LOS ANGELES -- Before Los Angeles' two professional basketball teams -- the Lakers and Clippers -- tipped off Friday at Staples Center, Lakers coach Phil Jackson seemed a little ticked off about the possibility of a third NBA team joining the mix.
The Sacramento Kings are looking to relocate to Anaheim, less than an hour drive down the 5 freeway from downtown L.A.
"What other metropolitan area has three teams in it? It's ridiculous to put another franchise in this market," Jackson said. "It just doesn't make sense to do that."
ESPN's Marc Stein reported the Lakers and Clippers have reached out to owners around the league to try to drum up the requisite support from other teams needed to block the Kings' move. The eventual vote will be decided by simple majority, meaning the L.A. teams must find 14 other teams to side with them to prevent Southern California from becoming basketball's version of Three's Company, should the Kings decide to formally apply for relocation.
"They're putting publicity out and trying to seed the ground, but there hasn't even been a formal Board of Governors [decision] in front of the owners," Jackson said of the progress made by brothers Joe and Gavin Maloof, who co-own the Kings. "There's definitely a push, but that doesn't mean that it's going to happen."
Jackson envisioned a scenario in which the vote would be split and ultimately decided by what direction the New Orleans Hornets lean. The Hornets, of course, were purchased by the NBA in late December from majority owner George Shinn and minority owner Gary Chouest in hopes that the league could find them a new ownership group.
"What does the league feel about it?" Jackson said. "How is New Orleans going to vote?"
League-appointed Hornets governor Jac Sperling will cast New Orleans' vote.
Stein also reported that one way the Kings could be discouraged about making a move even with support of a majority owners' vote is by the league's assessing a hefty relocation fee to the Maloofs.
Wrote Stein: "Relocation fees in the NBA are 'discretionary,' meaning that the fee is established by the league's Board of Governors and varies from relocation to relocation. The Seattle SuperSonics, for example, paid a $30 million relocation fee when they moved to Oklahoma City. It remains to be seen if the Maloofs are asked to pay more."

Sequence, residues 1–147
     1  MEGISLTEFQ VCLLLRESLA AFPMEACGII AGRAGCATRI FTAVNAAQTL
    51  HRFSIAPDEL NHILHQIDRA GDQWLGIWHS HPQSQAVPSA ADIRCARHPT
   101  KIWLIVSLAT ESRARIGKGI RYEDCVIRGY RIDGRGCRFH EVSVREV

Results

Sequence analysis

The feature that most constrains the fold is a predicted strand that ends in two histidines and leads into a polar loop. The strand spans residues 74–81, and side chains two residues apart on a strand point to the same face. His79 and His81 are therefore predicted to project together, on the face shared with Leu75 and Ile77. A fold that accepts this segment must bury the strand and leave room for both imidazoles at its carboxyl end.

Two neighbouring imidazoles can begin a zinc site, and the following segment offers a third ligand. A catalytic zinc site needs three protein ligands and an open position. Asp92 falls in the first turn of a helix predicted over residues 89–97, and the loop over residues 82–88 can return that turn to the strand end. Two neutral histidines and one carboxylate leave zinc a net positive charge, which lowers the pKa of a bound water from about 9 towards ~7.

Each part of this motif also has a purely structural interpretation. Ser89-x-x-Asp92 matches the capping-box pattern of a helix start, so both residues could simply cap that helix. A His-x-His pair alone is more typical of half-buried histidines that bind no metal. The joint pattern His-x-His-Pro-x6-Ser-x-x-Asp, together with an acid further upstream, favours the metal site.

Jackson said he is not surprised by the prospect of Anaheim's hosting an NBA team, but he always assumed that team would be the Clippers.
"They've been talking about Anaheim ever since I've been in town [in 1999], so I guess I'm not surprised about it," Jackson said. "We were always surprised the Clippers never went there because it seemed like an appropriate place for them to go at that time. Then when Staples [Center] opened up, this has been a joint venture here that's worked out relatively well. I've never heard of anything like it. I mean, you think about the Dodgers and the Angels playing on the same field, it would be pretty impossible. But, here we are. We're doing it and we made it work.
"But to have another team, 40-45 miles away, that puts a lot of pressure on everybody in the area."
The Kings have an April 18 deadline to file for relocation.
Finding a mutual enemy in the Kings may have even brought Jackson and Clippers owner Donald Sterling closer together.
Or, at least it won't bring them any further apart.
"I come from a generation that believed in karma," Jackson said last season when asked about Sterling."I do think there is karma in effect ultimately. ... If you do a good mitzvah [a Jewish term for an act of kindness], maybe you can eliminate some of those things. You don't think Sterling's done enough mitzvahs to eliminate some of those?"
Jackson had no interest in revisiting the conversation on Friday.
"I'm not going there. The last time I did that, I got in trouble with the league," Jackson said.
When asked to explain what he meant by "trouble," Jackson eluded the subject again.
"No, no, no, no, no, no. Don't even start on that," Jackson said. "We're not even going to that topic."
Dave McMenamin covers the Lakers for ESPNLosAngeles.com. Follow him on Twitter.